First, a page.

In short: It’s worked. It has just totally warped the pace of fundraising in major college sports.

Before retiring, John Malfettone, president of the Bleeding Blue for Good collective supporting University of Connecticut athletics, worked in fundraising for the university. He would court donors over a period of years, not minutes or hours or with a social media clip of a frustrated coach. That’s no longer his game, especially during transfer season.

“I used to take a potential donor to dinner, to a game, sit in great seats and talk about the value of their commitment to U-Conn athletics,” said Malfettone, who saw a spike in donations to Bleeding Blue For Good after Mora went off about a lack of resources late last month. “Now I call, and it’s like: ‘Can I interest you in wire instructions?’ ”

Dickert, Washington State’s head coach, said in early November that the Cougars were “not even competitive in some aspects of NIL” and could thus get crushed by the transfer portal. According to Tim Brandle, treasurer for the Cougar Collective supporting WSU, there was an immediate spike in contributions, leading to $25,000 in one-time donations and much more in recurring money from people who joined the collective’s 1890 Club.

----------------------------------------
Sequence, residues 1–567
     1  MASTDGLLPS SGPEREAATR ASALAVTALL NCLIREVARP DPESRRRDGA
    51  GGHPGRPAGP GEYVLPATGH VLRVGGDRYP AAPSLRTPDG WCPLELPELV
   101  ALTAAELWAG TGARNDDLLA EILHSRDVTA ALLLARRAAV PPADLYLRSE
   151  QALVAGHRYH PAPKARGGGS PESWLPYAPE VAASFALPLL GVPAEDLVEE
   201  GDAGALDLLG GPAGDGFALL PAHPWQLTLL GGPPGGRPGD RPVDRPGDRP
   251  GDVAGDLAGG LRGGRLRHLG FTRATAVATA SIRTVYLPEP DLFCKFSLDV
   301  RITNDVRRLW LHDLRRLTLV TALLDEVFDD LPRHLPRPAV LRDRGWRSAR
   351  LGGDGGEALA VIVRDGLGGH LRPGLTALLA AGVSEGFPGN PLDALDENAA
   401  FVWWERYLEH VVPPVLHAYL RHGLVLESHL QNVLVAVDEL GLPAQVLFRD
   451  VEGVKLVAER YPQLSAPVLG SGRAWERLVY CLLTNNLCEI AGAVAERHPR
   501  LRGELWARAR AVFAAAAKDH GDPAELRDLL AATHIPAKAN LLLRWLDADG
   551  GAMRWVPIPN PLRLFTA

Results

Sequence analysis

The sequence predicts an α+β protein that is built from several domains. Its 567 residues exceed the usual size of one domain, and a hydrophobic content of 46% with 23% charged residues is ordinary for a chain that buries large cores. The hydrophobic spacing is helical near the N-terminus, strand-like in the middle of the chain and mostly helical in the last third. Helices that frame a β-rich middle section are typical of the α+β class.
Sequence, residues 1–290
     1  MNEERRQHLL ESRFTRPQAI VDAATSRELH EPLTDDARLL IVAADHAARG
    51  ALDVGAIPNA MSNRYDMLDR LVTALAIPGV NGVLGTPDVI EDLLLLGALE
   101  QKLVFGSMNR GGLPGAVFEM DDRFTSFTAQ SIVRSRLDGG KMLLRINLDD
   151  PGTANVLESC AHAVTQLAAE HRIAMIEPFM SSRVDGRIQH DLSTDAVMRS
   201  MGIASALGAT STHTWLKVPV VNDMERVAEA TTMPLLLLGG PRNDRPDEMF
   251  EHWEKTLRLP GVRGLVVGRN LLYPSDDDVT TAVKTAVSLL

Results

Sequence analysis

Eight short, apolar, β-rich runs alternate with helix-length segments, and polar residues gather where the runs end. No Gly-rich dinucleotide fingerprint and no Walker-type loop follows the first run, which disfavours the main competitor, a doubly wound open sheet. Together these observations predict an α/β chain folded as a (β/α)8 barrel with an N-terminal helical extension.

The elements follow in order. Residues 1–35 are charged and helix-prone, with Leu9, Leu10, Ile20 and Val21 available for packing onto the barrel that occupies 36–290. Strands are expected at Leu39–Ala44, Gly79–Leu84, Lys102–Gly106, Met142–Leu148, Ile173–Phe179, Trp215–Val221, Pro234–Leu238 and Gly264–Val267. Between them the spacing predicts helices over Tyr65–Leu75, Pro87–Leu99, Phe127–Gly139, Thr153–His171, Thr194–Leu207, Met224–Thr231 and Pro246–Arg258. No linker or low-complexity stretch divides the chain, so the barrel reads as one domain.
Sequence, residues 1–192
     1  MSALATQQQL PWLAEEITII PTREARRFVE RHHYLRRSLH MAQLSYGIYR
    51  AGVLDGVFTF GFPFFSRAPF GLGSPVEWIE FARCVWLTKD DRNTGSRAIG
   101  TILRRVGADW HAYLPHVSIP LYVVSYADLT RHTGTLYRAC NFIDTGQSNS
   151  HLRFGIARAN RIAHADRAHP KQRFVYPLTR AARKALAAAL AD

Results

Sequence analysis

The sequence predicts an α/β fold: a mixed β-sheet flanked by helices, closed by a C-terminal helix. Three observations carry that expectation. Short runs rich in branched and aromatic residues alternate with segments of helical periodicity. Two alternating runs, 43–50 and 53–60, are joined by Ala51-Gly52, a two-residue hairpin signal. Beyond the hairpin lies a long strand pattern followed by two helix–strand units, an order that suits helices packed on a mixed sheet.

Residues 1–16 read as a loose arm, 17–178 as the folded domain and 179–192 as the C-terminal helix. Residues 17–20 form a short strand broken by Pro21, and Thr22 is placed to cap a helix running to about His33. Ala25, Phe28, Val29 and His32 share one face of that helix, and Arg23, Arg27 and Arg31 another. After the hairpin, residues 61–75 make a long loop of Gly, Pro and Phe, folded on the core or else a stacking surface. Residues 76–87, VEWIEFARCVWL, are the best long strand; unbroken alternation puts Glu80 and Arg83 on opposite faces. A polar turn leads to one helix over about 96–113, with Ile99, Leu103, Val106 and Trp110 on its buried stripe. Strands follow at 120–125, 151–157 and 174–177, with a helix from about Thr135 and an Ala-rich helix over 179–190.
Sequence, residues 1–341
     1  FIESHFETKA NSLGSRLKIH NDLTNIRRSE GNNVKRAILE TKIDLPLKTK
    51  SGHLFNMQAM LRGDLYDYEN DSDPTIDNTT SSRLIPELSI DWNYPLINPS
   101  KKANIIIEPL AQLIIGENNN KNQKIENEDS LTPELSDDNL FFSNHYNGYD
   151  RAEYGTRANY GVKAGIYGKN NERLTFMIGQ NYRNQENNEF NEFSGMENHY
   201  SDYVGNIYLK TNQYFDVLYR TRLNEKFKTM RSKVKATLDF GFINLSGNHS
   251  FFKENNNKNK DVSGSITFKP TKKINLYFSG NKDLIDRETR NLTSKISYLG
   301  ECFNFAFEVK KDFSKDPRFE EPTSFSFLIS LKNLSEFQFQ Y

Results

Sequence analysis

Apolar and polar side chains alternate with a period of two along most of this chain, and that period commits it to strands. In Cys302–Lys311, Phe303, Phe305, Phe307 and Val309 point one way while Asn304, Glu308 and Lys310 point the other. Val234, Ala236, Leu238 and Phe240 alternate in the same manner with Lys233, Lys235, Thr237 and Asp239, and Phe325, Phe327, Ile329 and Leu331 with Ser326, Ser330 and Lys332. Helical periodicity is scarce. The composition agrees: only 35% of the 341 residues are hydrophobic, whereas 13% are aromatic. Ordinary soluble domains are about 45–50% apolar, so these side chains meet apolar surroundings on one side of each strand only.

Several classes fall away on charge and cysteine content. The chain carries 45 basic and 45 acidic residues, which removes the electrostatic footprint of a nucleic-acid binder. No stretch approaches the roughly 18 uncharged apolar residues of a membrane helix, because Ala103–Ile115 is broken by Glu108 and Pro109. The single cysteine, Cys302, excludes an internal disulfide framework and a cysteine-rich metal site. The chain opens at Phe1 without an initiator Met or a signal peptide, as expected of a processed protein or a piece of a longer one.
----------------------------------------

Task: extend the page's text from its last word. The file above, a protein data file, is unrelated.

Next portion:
Monthly payments for 1890 Club members range from $18.90 to $5,000. Since Dickert’s news conference, the collective has added more than $100,000 in recurring donations. Brandle had to start a blank spreadsheet to track all of the money. Dickert’s comments were like lighter fluid.

“The growth has been immeasurable,” Brandle said. “OK, the money is measurable. But the overall impact for our collective really isn’t, since this has gotten a lot of people more interested in NIL and even donating specifically for other sports.”

Dickert’s ask came with an odd wrinkle: Because the state of Washington doesn’t have specific NIL laws, he and WSU’s other coaches and officials can’t directly endorse a collective, because schools and collectives are technically separate entities. At North Carolina State, however, Doeren was able to steer fans straight to Savage Wolves and Pack of Wolves, both collectives that support his program.